Uber and Lyft are rewriting the political playbook in Massachusetts
Hello and welcome to Protocol Policy! To wrap up a wild week in tech, we bring you a story about the Massachusetts gig battle that’s primed to reshape the future of work … and lobbying. Plus, we catch you up on the Sohn Saga and the latest with the Open App Markets Act. And did we mention Protocol turns two tomorrow? Here’s to many more newsletters. 🥂
Gig companies are rewriting the lobbying playbook in Massachusetts
My colleague Anna Kramer and I spent the last few weeks investigating the Massachusetts Proposition 22-esque campaign that would ensure gig workers remain independent contractors. You can read the full article here. One thing became clear early on: This campaign will likely become one of the most expensive, complicated and consequential ballot questions in U.S. history, and you need to be paying close attention.
Let’s start with the expensive part: Get ready to see a whole lot of broken campaign spending records.
- The California Proposition 22 battle became the most expensive ballot measure in state history. The gig companies spent a little over $200 million, while their labor group opponents spent just $20 million.
- In Massachusetts, the gig companies are poised to surpass the state record of $60 million spent across all ballot measures in 2020.
- Even at this relatively early stage, Lyft has already broken Massachusetts’ one-time political contribution record with a $14.4 million donation late last year.
- By November, the “No” campaign anticipates their opponents will have raised at least $100 million. Their own goal is around $10 million.
The gig companies are fighting in courts, in the Massachusetts legislature and potentially on November ballots. This three-pronged approach is more sophisticated than the California campaign strategy. It also demonstrates that it’s no longer enough to have a plan — you also need a backup plan and a backup-backup plan.
- The court battle kicked off in July 2020 when Massachusetts Attorney General Maura Healey filed a lawsuit attempting to grant gig workers employee benefits under existing state law.
- That lawsuit is ongoing, but the gig companies don’t need to win if they change the law underpinning it, either through the legislature or the voter ballot measure.
- So the gig coalition spent over $1.7 million to gather enough signatures to get the question one step closer to appearing on November ballots.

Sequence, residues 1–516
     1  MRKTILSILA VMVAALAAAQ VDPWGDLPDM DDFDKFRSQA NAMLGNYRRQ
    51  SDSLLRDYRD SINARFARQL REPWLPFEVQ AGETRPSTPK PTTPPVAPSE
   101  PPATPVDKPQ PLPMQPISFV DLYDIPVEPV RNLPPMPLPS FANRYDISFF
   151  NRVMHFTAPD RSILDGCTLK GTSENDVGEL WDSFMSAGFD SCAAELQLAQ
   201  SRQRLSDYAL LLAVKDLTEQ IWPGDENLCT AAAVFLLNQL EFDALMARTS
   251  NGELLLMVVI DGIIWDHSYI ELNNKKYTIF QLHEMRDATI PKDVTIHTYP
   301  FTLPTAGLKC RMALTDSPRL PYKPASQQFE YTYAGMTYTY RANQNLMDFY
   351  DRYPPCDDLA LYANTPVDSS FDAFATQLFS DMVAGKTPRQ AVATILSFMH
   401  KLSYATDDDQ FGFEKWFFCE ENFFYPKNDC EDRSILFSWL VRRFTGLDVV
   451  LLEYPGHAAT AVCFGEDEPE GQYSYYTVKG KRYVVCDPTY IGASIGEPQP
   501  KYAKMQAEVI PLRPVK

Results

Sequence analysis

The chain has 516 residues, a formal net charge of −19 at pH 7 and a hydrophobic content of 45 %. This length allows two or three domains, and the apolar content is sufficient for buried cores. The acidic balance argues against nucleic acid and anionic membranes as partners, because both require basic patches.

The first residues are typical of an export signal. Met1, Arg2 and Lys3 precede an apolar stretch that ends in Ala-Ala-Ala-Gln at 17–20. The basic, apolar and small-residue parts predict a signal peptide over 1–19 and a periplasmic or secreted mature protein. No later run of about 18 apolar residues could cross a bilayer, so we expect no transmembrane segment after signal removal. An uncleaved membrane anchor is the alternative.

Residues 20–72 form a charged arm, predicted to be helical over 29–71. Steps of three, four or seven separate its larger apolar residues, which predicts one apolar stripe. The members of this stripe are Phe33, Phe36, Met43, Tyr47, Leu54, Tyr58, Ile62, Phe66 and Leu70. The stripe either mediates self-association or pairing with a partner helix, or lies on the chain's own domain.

Here’s where things get interesting: Under Massachusetts law, the state Legislature can choose to decide the outcome of ballot initiatives themselves, cutting in front of voters.
- “We continue to push for a legislative solution to this issue and we’re confident that our legislative leaders can get it done,” Conor Yunits, a spokesperson for the gig coalition, told Protocol. This outcome would save the gig companies a lot of headache, as they wouldn’t have to shell out for an immense media campaign to win over voters.
- The legislative opposition doesn’t share this view. “We anticipate that this will go before the voters this November,” said Massachusetts state Senator Paul R. Feeney.
- Within the Statehouse, Feeney senses that the gig companies are preparing for the measure to go to ballots in November, despite their statements to the contrary.
- As things stand now, it’s likely neither campaign will get its best-case scenario, meaning Massachusetts voters will likely get the final say. If you live in the Commonwealth, get ready to see a lot of new political ads. (At least maybe you’ll get a break from the endless DraftKings spots?)
A win in Massachusetts would give the gig companies a political playbook ready to export around the U.S.
- Uber CEO Dara Khosrowshahi indicated in a November 2020 earnings call that the company is looking to export its Prop. 22 victory across the U.S. and the world.
- Massachusetts is the perfect proving ground for a new era of lobbying: Opponents believe it will be a tougher test than California, given the state’s long pro-labor history and highly engaged voter base.
- The future of work hangs in the balance: Millions of full-time American jobs that still provide health insurance and sick leave are primed to be giggified.
- “We know that if they are successful here in Massachusetts with drivers, that this is only the beginning,” Feeney said.
— Hirsh Chitkara (email | twitter)
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